I know there’s the whole “stop and smell the roses” thing, but first of all, I’m allergic to roses, and second of all, I just can’t help it sometimes.  I’m a girl on a mission and that mission is to get shit done.  Still, even being the insane person that I am, I found myself doing little things in Italy that I might not necessarily do in the United States, such as grabbing a cup of coffee with a friend without the agenda of “catching up.”  Previously, I found the lack of the concept of “to go” to be an inconvenience, but now I’m kind of thankful for it.  Ok, it’s still an inconvenience, but I’m trying really hard to be more laid back.  I promise. Stay tuned on how that pans out.

4. Being An American in Italy Really Isn’t All That Bad


Yes, Italians have their stereotypes about Americans… although I WOULD like to point out that all of the Italians I’ve met in Italy are WAY MORE OBSESSED about eating McDonalds than any of the Americans I’ve ever known.  Seriously.  They LOVE McDonalds and I think I’ve eaten more McDonalds in Italy as a result of having Italian friends than I’ve EVER eaten in my 21 years of living in the United States.  Sorry.  Just had to throw that in there.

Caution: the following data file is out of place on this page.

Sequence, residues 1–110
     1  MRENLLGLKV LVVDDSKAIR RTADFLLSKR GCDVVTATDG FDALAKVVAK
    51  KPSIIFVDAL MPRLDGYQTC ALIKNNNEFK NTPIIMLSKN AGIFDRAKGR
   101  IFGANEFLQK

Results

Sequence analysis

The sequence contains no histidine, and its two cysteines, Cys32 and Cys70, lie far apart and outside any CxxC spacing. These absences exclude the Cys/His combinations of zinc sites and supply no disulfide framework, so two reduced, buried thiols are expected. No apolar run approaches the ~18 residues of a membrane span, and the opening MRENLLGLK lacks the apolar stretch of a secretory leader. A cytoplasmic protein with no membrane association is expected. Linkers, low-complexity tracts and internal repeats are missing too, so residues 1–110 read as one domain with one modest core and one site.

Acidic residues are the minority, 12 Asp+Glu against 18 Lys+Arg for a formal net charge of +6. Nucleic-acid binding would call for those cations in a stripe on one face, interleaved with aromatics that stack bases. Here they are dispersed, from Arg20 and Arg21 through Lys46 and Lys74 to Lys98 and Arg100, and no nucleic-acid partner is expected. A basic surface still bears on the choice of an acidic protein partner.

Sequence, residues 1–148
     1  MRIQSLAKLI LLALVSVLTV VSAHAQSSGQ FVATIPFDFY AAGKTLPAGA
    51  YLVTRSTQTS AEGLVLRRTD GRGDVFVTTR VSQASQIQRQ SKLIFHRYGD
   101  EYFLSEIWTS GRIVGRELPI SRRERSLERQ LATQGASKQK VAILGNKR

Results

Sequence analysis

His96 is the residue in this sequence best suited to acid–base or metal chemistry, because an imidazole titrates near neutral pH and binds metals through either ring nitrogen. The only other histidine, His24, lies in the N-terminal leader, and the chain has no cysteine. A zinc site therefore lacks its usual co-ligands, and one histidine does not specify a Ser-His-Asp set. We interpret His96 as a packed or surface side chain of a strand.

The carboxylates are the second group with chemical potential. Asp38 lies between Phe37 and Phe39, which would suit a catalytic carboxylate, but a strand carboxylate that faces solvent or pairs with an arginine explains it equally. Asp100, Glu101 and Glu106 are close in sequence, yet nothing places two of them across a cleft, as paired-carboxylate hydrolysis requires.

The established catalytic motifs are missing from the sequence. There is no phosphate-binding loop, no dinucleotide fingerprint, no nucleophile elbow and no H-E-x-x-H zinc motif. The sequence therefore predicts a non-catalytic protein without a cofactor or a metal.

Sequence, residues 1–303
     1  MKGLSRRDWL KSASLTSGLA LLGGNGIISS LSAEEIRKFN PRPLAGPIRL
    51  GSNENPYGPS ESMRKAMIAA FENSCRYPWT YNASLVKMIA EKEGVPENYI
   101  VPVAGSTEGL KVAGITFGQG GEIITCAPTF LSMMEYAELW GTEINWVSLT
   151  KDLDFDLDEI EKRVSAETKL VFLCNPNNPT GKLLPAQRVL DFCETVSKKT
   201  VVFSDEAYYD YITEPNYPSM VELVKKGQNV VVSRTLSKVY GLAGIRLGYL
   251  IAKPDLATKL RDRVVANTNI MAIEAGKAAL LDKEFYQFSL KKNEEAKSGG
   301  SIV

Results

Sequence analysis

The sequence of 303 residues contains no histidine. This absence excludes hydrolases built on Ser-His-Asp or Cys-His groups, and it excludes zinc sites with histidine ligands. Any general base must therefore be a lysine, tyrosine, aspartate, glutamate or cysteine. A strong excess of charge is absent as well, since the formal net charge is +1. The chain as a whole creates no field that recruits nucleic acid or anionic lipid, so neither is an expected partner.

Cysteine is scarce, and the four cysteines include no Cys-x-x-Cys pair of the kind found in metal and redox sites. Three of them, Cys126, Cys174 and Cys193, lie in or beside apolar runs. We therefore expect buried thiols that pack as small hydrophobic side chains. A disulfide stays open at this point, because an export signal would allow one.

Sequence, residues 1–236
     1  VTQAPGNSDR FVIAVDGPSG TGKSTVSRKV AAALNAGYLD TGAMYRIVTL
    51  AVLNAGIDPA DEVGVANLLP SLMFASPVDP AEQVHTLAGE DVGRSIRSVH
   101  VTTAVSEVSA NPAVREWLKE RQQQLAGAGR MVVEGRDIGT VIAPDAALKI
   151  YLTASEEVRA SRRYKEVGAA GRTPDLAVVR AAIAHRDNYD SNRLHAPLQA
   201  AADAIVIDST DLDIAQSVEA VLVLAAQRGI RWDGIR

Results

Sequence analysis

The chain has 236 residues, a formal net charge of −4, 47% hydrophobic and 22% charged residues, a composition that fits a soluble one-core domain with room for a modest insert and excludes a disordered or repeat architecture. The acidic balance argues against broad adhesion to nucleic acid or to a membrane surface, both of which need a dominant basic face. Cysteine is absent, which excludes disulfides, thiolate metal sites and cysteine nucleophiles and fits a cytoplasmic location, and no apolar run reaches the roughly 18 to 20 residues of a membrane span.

Right, anyway… Yes, Italians have their stereotypes about Americans, but that doesn’t mean they automatically hate us as long as you’re not a jerk, and you shouldn’t be going around being a jerk to people anyway.  Most of the time, they’re honestly just curious – I’ve had rando Italians come up to me in class just because they heard me speaking English with an obvious American accent and ask me where I’m from and all that jazz.  While I honestly should be trying to speak more Italian (come through 2017 New Year’s resolution!!!), the Italians I’ve met love the opportunity to speak more English since Americans/English people are kind of hard to come by in the little town of Piacenza.